This in turn led to an Igbo diaspora throughout Nigeria composed of clerks, schoolteachers, railway workers. Anglican and especially Catholic Christianity also swept through these diasporic Igbo communities enabling them to discern which aspects of their home-village cultural inheritance were compatible with the new religion and which were not. Cultural festivals were preserved, and indeed people from different village groups began to see that there was a common ground: back at home you would not dare to venture to another group's festivities: that was asking for trouble! As a result you get the emergence of an educated elite, with local and diasporic experiences, who began to formulate a sense of Igbo identity; and this was enhanced by missionary work in translating Biblical and catechetical texts and the emergence of an Igbo literacy inevitably grounded in Christianity. Already by the time of Cole's research the Catholic Bishop of Owerri was Igbo, there is the Igbo Cardinal, Arinze, whose PhD was on sacrifice in Igbo religion.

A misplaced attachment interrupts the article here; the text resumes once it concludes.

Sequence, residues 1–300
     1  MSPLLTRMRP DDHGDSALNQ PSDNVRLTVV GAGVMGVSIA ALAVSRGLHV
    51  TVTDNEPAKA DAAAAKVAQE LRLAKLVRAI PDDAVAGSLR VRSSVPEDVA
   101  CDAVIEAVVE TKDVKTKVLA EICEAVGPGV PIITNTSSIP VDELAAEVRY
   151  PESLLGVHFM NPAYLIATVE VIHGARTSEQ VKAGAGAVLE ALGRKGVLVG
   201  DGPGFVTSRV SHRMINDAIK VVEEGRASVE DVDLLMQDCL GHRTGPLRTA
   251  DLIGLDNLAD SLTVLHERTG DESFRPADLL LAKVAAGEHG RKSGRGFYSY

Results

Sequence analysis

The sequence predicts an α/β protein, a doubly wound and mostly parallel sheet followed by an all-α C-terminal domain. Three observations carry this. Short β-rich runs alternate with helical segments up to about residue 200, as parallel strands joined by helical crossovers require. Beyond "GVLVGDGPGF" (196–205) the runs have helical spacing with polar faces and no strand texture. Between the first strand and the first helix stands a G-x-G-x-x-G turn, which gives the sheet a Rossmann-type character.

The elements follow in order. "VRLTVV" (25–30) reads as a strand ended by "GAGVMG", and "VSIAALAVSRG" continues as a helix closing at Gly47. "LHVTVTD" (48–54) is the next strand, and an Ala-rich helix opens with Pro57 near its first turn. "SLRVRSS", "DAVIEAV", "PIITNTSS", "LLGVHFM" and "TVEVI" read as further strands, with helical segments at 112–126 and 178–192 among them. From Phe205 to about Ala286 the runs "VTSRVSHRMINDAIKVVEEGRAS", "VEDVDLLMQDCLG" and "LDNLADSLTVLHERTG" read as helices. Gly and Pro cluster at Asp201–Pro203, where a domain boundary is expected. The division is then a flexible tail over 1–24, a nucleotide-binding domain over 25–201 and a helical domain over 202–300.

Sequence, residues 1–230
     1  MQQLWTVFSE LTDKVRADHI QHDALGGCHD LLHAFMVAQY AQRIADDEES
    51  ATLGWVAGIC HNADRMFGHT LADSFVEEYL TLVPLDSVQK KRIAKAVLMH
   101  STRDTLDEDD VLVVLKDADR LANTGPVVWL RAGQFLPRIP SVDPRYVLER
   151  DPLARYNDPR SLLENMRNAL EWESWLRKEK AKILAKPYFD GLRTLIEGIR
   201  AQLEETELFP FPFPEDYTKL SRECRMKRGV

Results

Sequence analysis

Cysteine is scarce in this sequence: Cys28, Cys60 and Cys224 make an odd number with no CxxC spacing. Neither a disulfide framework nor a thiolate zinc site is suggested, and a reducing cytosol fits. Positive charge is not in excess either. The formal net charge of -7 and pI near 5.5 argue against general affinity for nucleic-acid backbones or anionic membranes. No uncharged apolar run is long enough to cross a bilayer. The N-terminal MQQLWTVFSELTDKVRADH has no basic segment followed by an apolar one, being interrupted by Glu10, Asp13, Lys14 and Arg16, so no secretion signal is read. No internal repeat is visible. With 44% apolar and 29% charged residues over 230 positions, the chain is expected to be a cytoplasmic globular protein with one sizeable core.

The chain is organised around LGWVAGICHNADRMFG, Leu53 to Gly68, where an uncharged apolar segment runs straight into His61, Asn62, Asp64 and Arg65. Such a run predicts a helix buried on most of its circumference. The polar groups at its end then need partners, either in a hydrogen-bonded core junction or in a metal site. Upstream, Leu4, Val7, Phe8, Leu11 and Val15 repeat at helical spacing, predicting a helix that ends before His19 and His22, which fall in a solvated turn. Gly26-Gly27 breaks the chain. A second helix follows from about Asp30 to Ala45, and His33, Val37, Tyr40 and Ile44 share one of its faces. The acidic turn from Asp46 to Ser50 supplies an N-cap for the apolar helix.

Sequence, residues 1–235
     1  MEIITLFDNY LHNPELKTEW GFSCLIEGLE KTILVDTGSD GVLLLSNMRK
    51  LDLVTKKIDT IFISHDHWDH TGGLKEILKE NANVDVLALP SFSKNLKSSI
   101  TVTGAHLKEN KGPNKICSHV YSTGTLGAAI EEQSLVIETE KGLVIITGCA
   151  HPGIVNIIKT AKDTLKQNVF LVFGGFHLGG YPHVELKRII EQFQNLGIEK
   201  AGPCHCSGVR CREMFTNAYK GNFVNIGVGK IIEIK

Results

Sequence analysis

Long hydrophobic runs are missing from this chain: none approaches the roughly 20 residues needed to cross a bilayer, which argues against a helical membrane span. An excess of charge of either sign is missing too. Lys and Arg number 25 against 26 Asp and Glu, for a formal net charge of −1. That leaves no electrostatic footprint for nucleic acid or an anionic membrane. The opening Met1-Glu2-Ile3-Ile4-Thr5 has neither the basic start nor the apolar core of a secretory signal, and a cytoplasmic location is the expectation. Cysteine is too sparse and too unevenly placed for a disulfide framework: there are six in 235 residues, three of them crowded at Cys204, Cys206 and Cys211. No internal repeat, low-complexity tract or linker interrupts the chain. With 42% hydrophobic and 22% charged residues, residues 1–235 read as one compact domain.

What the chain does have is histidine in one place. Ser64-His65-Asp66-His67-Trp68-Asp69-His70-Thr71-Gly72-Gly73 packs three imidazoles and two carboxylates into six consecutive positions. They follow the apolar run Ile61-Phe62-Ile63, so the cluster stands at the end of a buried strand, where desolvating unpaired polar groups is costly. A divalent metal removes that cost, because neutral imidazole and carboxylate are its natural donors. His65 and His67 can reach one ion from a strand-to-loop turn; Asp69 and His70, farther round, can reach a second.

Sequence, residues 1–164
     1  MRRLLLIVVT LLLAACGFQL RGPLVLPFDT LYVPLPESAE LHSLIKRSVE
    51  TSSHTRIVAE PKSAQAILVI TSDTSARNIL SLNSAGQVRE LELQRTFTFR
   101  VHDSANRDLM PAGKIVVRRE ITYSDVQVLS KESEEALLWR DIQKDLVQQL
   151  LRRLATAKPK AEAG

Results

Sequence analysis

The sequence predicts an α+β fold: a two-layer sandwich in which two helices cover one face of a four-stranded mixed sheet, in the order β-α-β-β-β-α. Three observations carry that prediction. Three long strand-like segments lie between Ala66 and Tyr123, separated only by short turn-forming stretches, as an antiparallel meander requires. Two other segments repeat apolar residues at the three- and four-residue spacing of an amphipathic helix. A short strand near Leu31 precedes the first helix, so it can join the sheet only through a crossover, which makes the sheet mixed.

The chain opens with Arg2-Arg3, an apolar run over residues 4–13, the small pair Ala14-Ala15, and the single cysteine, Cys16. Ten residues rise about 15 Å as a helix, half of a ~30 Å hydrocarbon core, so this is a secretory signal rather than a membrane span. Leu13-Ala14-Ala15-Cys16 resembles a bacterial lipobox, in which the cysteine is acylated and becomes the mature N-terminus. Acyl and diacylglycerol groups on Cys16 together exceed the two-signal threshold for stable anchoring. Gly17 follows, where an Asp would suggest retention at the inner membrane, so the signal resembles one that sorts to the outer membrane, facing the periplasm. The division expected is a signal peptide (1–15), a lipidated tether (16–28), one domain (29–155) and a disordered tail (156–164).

Regarding the present condition of mbari houses, I understood from Cole that preservation was always beside the point given that the construction was a sacrifice, and that once the elders had approved the finished work the sacrifice was complete. In that case, conservation and preservation was necessarily culturally inappropriate; but I can't remember what he says about the novel fashion for building them in concrete. When built of earthe there was no need for Christians to demolish them as they were destined to self-demolition as it were.
Anglican and Catholic Christianities have been around for more than a hundred years, and one cannot possible regard them as somehow not really Igbo. Indeed, historically the presence of those Christianities is, as I've suggested, in fact earlier than the emergence of an Igbo cultural identity. Moreover, there may well be a Christian element in the very emergence of that identity (as there was in Yoruba: Yoruba cultural nationalism/identity was in truth initiated by two CofE clergymen!). One has to beware of putting together a simple set of oppositional contrasts: